SL: Walking down the 18th. It’s a moment I’ll never get back. I tried to take it all in and be as slow as I could but you just can’t. When you’re there waiting to be announced as the champion golfer of the year it’s so surreal.
PPN: How do you feel about the fact that you’re exempt from every Open Championship and all the other perks that come with being a Major winner?
SL: I haven’t thought about it, to be honest. I’ve had a lot of bad days over the years playing golf and I’m really going to enjoy this one. Good days like this are hard to come by. I’ve been playing the game for 10 years now. I’ve won five times. This is obviously the biggest yet. I plan to really enjoy it over the coming days.
When it comes to it, I’ve got the FedEx Cup in a few weeks. Hopefully, I’ll give them a run for their money there too and play well.
PPN: Will it be hard to get back to business after all the celebrations?
SL: I’m going to give myself a few days to enjoy it. I have a week to relax before I head to New York.
Going back to swinging a club again next week will probably come as a welcome break from everything else that’s going on. The last 24 hours have been a bit mad.
PPN: Obviously, Rory had a tough weekend. Was he in touch since?
SL: He was. I have a couple of hundred messages on my phone and I’ve only looked at a few because I want to sit down in a few days’ time and read them all and respond to each of them properly.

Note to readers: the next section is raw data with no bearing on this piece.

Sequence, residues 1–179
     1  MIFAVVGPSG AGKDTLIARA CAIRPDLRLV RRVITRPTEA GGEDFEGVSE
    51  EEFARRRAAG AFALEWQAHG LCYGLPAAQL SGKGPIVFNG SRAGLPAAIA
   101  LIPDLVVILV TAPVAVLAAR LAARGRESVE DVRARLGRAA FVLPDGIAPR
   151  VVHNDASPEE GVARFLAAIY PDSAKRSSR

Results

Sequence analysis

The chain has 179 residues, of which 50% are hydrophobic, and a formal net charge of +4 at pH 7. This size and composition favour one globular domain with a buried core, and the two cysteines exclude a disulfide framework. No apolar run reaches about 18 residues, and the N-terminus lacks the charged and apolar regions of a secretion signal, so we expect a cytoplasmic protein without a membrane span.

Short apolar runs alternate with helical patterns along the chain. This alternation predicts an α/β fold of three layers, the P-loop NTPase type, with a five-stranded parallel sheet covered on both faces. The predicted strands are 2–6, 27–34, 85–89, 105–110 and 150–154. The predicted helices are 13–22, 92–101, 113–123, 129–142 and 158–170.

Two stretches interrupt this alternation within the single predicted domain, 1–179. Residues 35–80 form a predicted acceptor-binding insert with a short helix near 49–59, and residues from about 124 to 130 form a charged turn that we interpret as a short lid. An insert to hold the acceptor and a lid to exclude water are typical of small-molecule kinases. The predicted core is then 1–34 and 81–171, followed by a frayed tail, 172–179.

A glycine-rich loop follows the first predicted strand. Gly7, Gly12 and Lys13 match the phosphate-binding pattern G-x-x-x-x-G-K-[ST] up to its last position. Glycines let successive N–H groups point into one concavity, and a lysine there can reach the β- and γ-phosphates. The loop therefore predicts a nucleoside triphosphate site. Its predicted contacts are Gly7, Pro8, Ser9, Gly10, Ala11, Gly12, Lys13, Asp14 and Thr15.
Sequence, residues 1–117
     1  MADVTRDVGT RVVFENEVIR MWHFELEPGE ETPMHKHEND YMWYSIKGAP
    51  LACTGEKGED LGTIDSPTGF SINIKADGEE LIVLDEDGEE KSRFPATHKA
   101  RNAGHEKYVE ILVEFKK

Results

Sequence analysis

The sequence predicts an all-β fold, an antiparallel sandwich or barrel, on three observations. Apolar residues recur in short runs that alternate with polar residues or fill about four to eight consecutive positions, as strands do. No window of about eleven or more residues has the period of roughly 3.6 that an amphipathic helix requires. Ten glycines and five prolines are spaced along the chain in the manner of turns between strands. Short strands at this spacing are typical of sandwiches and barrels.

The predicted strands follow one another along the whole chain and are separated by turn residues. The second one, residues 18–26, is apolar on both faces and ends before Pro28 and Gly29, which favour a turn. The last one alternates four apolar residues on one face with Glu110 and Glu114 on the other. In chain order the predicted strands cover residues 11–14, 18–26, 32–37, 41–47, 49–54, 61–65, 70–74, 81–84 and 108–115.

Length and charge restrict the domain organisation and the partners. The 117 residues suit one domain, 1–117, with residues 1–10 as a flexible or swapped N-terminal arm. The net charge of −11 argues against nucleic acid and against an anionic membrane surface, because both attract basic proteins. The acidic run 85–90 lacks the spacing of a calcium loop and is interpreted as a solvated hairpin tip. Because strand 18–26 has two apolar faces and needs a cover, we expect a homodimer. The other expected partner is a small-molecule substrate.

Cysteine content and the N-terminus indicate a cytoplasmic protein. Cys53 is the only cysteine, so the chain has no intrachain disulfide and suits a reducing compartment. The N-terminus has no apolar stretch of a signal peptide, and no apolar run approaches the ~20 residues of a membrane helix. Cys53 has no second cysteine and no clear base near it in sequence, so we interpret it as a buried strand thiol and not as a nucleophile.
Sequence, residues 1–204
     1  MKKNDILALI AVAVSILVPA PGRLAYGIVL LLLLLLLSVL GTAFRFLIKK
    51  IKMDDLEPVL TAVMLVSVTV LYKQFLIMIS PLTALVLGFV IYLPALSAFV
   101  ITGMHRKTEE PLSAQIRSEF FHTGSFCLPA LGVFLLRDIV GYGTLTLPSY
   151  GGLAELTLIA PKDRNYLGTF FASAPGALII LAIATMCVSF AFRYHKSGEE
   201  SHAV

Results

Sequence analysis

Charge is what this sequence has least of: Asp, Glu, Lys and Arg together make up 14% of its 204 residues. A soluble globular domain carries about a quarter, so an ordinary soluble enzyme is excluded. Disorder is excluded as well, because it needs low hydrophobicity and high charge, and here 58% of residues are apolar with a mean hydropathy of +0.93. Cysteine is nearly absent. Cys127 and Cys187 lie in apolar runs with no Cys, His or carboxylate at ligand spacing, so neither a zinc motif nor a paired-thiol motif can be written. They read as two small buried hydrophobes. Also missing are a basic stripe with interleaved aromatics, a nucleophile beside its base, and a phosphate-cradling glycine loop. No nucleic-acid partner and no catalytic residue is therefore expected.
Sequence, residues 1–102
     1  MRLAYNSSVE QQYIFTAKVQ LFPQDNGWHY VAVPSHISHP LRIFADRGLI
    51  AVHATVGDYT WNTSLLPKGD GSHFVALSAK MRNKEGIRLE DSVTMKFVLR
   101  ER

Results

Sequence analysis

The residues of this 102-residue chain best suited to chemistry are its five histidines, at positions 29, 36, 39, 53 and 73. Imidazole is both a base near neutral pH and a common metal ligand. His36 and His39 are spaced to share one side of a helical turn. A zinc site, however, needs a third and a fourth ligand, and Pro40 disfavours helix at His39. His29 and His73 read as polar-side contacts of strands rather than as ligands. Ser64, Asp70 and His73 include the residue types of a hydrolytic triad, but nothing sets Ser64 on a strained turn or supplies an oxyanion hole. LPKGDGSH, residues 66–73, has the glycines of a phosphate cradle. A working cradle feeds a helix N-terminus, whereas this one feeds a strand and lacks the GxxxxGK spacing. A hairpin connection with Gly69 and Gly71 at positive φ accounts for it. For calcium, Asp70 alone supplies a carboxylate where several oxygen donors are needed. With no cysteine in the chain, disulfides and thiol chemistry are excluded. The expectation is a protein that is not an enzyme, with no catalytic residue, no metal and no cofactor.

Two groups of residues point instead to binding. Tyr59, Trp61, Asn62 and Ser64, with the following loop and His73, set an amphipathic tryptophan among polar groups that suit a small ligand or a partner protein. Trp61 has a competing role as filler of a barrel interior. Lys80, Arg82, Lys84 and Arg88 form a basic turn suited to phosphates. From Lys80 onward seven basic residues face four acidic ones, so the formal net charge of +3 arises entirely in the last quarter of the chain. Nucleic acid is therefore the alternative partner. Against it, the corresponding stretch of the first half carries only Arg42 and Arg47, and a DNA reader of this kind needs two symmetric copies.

All the lads have been in touch, Darren, Rory, Padraic, Graeme. Paul Dunne was there last too. Anyone I’m close within the golfing circle has been in touch.
PPN: How do you feel about your prospects now in terms of the Ryder Cup?
SL: Obviously, I’m a long way from making the team now. The points only start in September so I need to play well for the next 12 months. That ultimately for me remains my main goal for the next 12 months to make that team. I’ll be very excited to be headed there with Paddy as captain if it happens. Hopefully, I can do it.
PPN: What was Bo’s impact on your game yesterday? Was there any key moment that you felt having him there made a very real difference to how you handled things?
SL: Ah, Bo was brilliant. I said to him on the 12th, I’d three-putted 11 to go back to four ahead – you’re four ahead in The Open with four to play, you’re in the driving seat and the tournament is yours – but I just felt like I was getting ahead of myself. I was seeing myself on the 18th green with the trophy. I said to him I just couldn’t stop thinking about it. It took him until about the 14th tee to get me to where I needed to be for those last five holes. Walking down 14 he said “let’s just go for level par and see where it leaves us”, and that’s what I did.
PPN: When did you allow yourself to believe the dream was about to become a reality?
SL: I holed a putt on 15 to go six ahead with three to play. I thought at that point, either way, I’m going to make history here; it’s going one way or the other. It’s either going to be the biggest mess-up of all time or I’m gonna win.
But when I hit my tee shot on 17, which is one you can lose a ball on, I figured that’s me done. I could walk down there and enjoy the moment.